The Centers for Medicare & Medicaid Services (CMS) is sharing more than $15 million in savings with 166 home health agencies (HHAs) based on their performance during the first year of the Medicare Home Health Pay for Performance (HHP4P) demonstration.
Beginning in January 2008 and ending in December 2009, the two-year program showed the impact of financial incentives on the quality of care provided to home health patients in traditional fee-for-service Medicare and their overall Medicare costs. Savings in the program are being shared with agencies that either maintained high levels of quality or made significant improvements in quality of care.
All Medicare-certified home health agencies in seven states representing four U.S. census regions were invited to participate in the demonstration, according to CMS. The Northeast region included HHAs in Connecticut and Massachusetts; the South included HHAs in Alabama, Georgia and Tennessee; and the Midwest and West regions included HHAs in Illinois and California, respectively.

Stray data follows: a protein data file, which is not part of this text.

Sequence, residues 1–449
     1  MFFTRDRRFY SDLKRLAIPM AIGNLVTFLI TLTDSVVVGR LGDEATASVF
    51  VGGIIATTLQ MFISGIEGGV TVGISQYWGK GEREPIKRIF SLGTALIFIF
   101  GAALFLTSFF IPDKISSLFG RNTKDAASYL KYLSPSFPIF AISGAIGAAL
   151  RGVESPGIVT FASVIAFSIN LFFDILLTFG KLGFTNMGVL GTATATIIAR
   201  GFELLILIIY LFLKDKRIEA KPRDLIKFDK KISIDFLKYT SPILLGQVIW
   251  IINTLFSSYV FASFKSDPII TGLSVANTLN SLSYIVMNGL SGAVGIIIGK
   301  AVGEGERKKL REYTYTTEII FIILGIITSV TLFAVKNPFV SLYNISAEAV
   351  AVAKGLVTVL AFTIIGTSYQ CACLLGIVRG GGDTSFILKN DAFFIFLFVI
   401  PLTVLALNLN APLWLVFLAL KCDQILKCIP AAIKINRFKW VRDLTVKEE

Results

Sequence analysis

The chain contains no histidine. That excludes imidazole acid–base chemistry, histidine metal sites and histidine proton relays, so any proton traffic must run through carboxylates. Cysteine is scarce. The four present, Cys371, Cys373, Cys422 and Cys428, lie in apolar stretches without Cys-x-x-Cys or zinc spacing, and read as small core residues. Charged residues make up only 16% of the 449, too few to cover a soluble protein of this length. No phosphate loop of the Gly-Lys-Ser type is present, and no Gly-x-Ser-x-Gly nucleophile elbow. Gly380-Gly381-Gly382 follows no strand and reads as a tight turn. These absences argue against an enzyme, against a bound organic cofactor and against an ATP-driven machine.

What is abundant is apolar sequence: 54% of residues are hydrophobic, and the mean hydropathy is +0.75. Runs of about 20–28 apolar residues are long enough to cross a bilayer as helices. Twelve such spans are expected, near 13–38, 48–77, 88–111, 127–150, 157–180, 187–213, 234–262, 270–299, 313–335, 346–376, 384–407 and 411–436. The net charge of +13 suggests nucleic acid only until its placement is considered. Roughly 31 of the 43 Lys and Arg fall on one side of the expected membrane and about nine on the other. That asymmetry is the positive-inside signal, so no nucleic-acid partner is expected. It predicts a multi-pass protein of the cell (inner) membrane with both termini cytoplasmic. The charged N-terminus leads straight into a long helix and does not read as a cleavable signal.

Year One incentive payments are being made to 59 percent of the HHAs in the intervention group based on their performance and improvement on seven quality measures, the agency stated. In addition to the quality measures, the amount of the incentive paid to an individual HHA is also based on the total number of Medicare patient days associated with that HHA.
Medicare savings for the demonstration were determined by comparing total Medicare costs for beneficiaries receiving care from the intervention group's HHAs with the costs for beneficiaries served by the control groups HHAs in the same region.
According to CMS, if no savings were generated in a region, no incentive payments were made in that region. Results for 2008 indicated an aggregate Medicare savings of $15.4 million for three of the four regions; the Midwest region did not achieve any savings.
CMS stated it will calculate savings and determine which HHAs are eligible for incentive payments for 2009 later this year. In addition, the demonstration is still being evaluated, with results expected later in 2010.